A pregnant woman requires the right amount of nutrients for healthy development of the fetus. It has been reported that during the first three months of pregnancy, a woman does not require additional calorie intake compared to the next two trimesters, when an additional 300 calories per day are essential for the baby to grow to reach proper birth weight. A drastic increase or decrease in weight during pregnancy can lead to health hazards for the mother and the baby. With the advent of vegetarianism, it is important to understand some shortcomings of this type of diet during pregnancy and put in place practices to overcome the same, to aid in the overall healthy development of the fetus.
Common problems associated with vegetarianism during pregnancy:
Developmental issues in the fetus:
Protein is considered an essential building block and is imperative for the development of the fetus. The pregnant woman needs to consume protein rich food to get the complete benefits of essential amino acids. According to the Physicians Committee for Responsible Medicine, pregnant women in the second and third trimester have to consume extra protein, since protein, fat, and minerals are deposited in the fetal tissues and placenta in order for the fetus to gain the normal weight before birth.
Though plant protein is sufficient, a variety of sources need to be considered to get the requisite amount of protein. These include soy, peanut butter, nuts, quinoa, tofu, etc.
Hypospadias is a male birth defect where the opening on the penis for the urethra is not located where it should be. This defect is attributed to the high levels of phytoestrogens that are found in a vegetarian diet. A nationwide study in the USA has listed one case of hypospadias in every 270 births in the year 1990. A study conducted in the year 2000 in the UK reveals that vegetarian mothers have a 4% chance of delivering a baby with hypospadias. An association has been reported between hypospadias and nutrients like choline, methionine, vitamin B12, etc., all of which are scarce in a vegetarian/vegan diet.
Low iron intake can lead to low birth weight and cognitive problems in infants. While meat and fish are rich in iron, many plant foods also contain iron. The average iron requirement for pregnant women is estimated to be roughly 22mg/day. Since iron is the main component of hemoglobin, pregnant women with low hemoglobin (less than 8gm/dL) carry a risk of anemia that might lead to fetal growth abnormalities and pre-term birth.
Iron from an animal source is called heme-iron and is absorbed at a better rate than the plant-based iron or non-heme iron. Therefore, it is important for pregnant vegetarian women to attain the optimal level of suggested iron intake for their pregnancies to proceed normally.
Vitamin B12 deficiency:
A study compared serum vitamin B12 concentration in a lacto-ovo vegetarian diet and low meat consumers. Vitamin B12 deficiency was found in both categories when compared to a meaty western diet. Since low serum vitamin B12 is associated with macrocytic anemia, neurologic complexities, and cognitive impairments, pregnant vegetarian women may need a vitamin B12 supplement to ensure proper fetal development.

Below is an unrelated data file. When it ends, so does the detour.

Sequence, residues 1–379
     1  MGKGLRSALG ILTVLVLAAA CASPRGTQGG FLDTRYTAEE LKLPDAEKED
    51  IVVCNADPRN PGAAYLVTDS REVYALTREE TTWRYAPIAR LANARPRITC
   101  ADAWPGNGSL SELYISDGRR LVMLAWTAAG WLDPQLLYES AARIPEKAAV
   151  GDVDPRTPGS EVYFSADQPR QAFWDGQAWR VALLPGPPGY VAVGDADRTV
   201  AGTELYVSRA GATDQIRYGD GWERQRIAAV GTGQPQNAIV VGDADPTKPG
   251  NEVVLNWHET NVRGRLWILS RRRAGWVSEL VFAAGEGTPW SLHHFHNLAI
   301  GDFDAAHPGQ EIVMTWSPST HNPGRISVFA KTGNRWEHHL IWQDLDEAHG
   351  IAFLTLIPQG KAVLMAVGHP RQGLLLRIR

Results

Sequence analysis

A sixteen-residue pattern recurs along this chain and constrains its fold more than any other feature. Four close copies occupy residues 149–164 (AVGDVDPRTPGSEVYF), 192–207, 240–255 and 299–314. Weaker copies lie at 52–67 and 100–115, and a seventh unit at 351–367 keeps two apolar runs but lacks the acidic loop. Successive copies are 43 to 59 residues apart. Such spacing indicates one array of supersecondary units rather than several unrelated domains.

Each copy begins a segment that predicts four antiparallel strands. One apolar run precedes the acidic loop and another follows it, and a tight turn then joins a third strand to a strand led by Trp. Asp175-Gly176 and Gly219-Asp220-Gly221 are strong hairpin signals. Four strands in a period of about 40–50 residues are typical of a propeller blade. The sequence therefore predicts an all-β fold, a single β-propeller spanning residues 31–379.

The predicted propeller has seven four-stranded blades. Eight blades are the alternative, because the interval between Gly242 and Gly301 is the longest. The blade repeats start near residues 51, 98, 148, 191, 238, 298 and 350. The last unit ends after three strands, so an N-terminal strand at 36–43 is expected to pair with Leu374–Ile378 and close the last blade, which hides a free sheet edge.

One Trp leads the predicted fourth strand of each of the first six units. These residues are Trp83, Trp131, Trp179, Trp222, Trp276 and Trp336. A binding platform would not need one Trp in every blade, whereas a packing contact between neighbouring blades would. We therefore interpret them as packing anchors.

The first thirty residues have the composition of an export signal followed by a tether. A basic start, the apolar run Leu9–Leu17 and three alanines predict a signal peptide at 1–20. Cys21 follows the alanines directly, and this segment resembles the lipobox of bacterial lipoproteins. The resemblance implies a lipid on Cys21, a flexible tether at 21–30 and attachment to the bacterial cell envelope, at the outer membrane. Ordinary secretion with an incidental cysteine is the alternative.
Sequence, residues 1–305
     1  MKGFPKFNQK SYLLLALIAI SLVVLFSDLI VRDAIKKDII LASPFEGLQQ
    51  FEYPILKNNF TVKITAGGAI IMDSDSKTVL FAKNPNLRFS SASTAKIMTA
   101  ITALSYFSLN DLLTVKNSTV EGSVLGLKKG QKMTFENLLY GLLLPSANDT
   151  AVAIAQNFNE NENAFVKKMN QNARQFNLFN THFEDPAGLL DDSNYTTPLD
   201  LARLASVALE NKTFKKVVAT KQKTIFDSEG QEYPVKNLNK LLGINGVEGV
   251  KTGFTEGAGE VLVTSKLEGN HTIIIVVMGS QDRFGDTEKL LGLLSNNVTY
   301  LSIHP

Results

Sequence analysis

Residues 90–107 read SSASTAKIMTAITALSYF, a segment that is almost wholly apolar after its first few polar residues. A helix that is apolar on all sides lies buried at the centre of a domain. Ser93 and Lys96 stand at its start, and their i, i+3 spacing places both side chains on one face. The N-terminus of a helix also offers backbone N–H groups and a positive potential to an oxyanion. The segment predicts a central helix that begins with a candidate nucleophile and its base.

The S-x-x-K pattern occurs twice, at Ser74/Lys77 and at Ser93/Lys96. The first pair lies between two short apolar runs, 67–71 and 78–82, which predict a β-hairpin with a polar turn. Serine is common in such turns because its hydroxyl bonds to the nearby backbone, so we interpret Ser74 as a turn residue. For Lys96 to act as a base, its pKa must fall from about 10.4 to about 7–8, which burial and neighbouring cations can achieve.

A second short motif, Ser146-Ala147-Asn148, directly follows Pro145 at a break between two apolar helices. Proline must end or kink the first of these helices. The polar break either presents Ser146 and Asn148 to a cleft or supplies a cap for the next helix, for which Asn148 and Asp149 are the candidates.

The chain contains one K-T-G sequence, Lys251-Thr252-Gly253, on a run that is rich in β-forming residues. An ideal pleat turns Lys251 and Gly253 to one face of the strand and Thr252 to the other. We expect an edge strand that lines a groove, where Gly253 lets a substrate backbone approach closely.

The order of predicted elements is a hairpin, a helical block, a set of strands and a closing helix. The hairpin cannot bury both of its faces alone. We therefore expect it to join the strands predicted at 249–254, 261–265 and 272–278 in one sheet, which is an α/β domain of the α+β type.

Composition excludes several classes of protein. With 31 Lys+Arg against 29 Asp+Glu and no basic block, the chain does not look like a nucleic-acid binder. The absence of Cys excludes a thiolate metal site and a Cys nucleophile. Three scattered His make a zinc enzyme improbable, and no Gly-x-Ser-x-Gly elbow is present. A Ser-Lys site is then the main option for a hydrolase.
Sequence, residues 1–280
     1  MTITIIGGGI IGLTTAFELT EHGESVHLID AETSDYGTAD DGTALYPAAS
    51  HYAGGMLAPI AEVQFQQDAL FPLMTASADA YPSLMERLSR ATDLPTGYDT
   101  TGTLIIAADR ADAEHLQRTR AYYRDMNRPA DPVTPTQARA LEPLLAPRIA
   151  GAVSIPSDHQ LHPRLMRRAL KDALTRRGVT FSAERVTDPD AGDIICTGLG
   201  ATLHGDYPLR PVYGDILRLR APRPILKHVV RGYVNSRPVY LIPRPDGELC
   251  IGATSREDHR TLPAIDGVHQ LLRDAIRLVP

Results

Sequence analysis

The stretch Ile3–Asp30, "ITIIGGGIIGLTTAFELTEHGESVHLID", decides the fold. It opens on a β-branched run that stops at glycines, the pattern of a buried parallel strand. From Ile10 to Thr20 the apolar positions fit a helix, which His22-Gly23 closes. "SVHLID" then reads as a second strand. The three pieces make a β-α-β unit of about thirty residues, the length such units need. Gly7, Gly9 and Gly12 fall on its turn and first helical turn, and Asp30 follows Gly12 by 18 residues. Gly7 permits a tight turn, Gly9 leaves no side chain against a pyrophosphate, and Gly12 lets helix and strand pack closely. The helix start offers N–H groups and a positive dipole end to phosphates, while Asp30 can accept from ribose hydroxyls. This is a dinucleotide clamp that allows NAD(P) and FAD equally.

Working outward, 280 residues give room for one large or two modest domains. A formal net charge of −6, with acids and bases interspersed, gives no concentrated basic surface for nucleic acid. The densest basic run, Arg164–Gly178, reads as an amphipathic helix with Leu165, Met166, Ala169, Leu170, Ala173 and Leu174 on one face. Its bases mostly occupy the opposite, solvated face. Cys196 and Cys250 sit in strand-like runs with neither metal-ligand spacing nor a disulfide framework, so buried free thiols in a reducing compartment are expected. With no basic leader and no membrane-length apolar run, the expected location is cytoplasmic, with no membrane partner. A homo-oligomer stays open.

Thus, the risk of nutrient deficiency is high in pregnant women who follow a vegetarian diet, especially those who avoid dairy and eggs. Pre-natal vitamin supplements are available that can compensate for iron, vitamin B12, folic acid, omega-3 fatty acids, and essential nutrients in pregnant vegetarian women. The right vegetarian food chart can help compensate for the nutrient loss.
Standing Committee on the Scientific Evaluation of Dietary Reference Intakes, Food and Nutrition Board, Institute of Medicine. Dietary reference intakes for energy, carbohydrate, fiber, fat, fatty acids, cholesterol, protein, and amino acids. Washington, DC: National Academy Press; 2002.
(2003). Position of the American Dietetic Association and Dietitians of Canada: Vegetarian diets. J Am Diet Assoc, 103, pp.748-756.
Standing Committee on the Scientific Evaluation of Dietary Reference Intakes, Food and Nutrition Board, Institute of Medicine. Dietary reference intakes for individuals, elements. Washington, DC: National Academy Press; 2004.
Koebnik, C., Hoffmann, I., Dagnelie, P.C., Heins, U.A., Wickramasinghe, S.N., Ratnayaka, I.D., et al. Long-term ovo-lacto vegetarian diet impairs vitamin B-12 status in pregnant women. J Nutr. 2004, 134, pp. 3319-3326.
Norris, J. (2012 Jun). Hypospadias and Vegetarian Diets.Retrieved from http://www.veganhealth.org/articles/hypospadias
(2013 Jul 15). What Can I Do to Promote a Healthy Pregnancy?Retrieved from http://www.nichd.nih.gov/health/topics/preconceptioncare/conditioninfo/pages/healthy-pregnancy.aspx